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4 things you can do to minimize birth defects

1/5/2017 by Dr. Matthew Meunier


Birth defects happen in about three to four percent of pregnancies. Some can be identified easily at birth, such as an extra finger or toe, while others, such as heart or joint abnormalities, are found with the help of thorough medical exams and special testing. 

When birth defects are discovered, a number of tests can be used to determine the cause, but finding one isn't always possible. Many defects can result from causes that can't be avoided, such as inherited disorders or chromosomal abnormalities. However, there are many things women who are planning to have a baby and those who are pregnant already can do to minimize the chance of having a baby with a birth defect. 

Take a multivitamin before and during pregnancy. Taking a daily multivitamin for at least a month before getting pregnant is a very simple thing women can do. And it's one that can have a dramatic impact on preventing serious abnormalities of the brain and spine. While a multivitamin has a number of good vitamins and minerals that can help with fetus development, folic acid is critically needed vitamin. The recommended minimum daily intake of folic acid is 400 micrograms, which is found in most women's multivitamins. Most prenatal vitamins contain 800 micrograms. 

Stay healthy before you get pregnant. In addition to taking a multivitamin, doing all you can to stay healthy before pregnancy can help ensure you have a healthy baby. A well-rounded, healthy diet and regular exercise can prevent birth defects, as well as increase your chances of becoming pregnant. Being overweight can contribute to a number of illnesses, such as diabetes, elevated blood pressure and heart disease, all of which increase the risk of birth defects. In fact, obese women have an increased risk of giving birth to babies with spine, heart and cleft palate defects, even if they don't have any other medical conditions. 

Avoid risky exposures. Exposures to certain substances, called teratogens, has been associated with birth defects. These include:

  • Recreational substances and illegal drugs
  • Medications for acute or chronic illnesses
  • Various infections

Recreational substances - such as alcohol and tobacco and illegal drugs, including marijuana, cocaine, heroin and methamphetamines - negatively affect pregnancies in a number of ways. Not only do they increase the risk of birth defects, but they also can contribute to newborns who are small or premature. Use of these substances should be limited or stopped before you get pregnant. 

A variety of medications can be used safely during pregnancy, while others should be limited or avoided. These include some over-the-counter cold, flu or pain medications and many prescription medications, which have been associated with birth defects. That's why it's important to review your medication list with your primary care provider before getting pregnant.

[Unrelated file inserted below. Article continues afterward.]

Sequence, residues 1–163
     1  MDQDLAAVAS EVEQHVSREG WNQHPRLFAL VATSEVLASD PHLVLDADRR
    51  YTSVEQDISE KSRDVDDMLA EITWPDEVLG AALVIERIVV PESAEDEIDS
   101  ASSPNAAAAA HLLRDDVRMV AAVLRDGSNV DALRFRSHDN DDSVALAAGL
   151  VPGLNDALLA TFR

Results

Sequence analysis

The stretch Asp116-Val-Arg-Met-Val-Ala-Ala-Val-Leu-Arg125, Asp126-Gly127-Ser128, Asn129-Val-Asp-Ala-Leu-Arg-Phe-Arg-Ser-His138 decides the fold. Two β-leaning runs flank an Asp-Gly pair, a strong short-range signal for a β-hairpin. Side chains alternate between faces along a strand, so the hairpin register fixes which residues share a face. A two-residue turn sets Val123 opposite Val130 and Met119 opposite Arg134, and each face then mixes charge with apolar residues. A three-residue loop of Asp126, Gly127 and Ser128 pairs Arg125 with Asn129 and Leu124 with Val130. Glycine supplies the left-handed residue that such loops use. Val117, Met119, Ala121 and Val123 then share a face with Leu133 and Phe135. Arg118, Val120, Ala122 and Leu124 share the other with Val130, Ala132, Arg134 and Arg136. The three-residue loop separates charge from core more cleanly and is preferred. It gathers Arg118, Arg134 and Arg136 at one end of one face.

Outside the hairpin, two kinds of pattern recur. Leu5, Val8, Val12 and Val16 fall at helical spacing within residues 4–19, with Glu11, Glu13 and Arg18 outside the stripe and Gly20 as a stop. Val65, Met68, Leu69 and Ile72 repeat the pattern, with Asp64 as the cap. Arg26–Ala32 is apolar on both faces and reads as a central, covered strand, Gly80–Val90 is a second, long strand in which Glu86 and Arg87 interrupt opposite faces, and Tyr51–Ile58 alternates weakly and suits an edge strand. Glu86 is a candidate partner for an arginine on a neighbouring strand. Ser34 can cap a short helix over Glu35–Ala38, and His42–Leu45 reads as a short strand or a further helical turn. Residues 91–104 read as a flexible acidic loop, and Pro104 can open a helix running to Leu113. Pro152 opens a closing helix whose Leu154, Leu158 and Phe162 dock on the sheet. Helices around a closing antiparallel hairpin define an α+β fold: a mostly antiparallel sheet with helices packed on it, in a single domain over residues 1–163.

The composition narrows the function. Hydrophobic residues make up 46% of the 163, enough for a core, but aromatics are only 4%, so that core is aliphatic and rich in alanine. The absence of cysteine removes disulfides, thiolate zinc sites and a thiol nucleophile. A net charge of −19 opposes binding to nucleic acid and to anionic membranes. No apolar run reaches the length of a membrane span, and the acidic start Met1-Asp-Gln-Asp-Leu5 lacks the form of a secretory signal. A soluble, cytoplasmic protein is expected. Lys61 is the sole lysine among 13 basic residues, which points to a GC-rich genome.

A number of infections have been linked to birth defects, and you should avoid exposure to them whenever possible. These infections include: 

  • Zika virus: Zika is transmitted by mosquitoes in topical areas of the world. Avoid travel to locations with a high rate of Zika before and during pregnancy. 
  • Rubella and varicella: These two infections can be prevented with immunizations. Ensure your immunizations are up to date before you get pregnant in order to protect yourself and your baby. 
  • Toxoplasmosis: This infection is caused by a parasite found in soil and animal feces (poop). Wear gloves when working in the garden, thoroughly wash vegetables, don't eat undercooked meats and avoid contact with used cat litter. 
  • Sexually transmitted infections: Avoid unprotected sexual contact with infected individuals. 
  • Cytomegalovirus: People who are infected with this virus often don't know they have it. However, it can cause birth defects in pregnant women. It's found in the urine and other body fluids of young children. Pregnant women who have or work with young children should wear gloves when changing diapers, and wash their hands frequently. 

See your primary care provider before getting pregnant. A pre-pregnancy or pre-conception visit with your primary care provider can help ensure that all of your individual risk factors are minimized before you get pregnant. Your provider can review your medical and family histories to identify potential risk factors and check that you are only on medications that are safe during pregnancy. Occasionally, women have blood tests at this visit to screen for infections that could affect their pregnancy. 

Dr. Matthew Meunier is a family physician with Women's Health fellowship training in Employee and Community Health's (ECH) Department of Family Medicine. He is the Chief of Family Medicine Obstetrics and Newborn Services.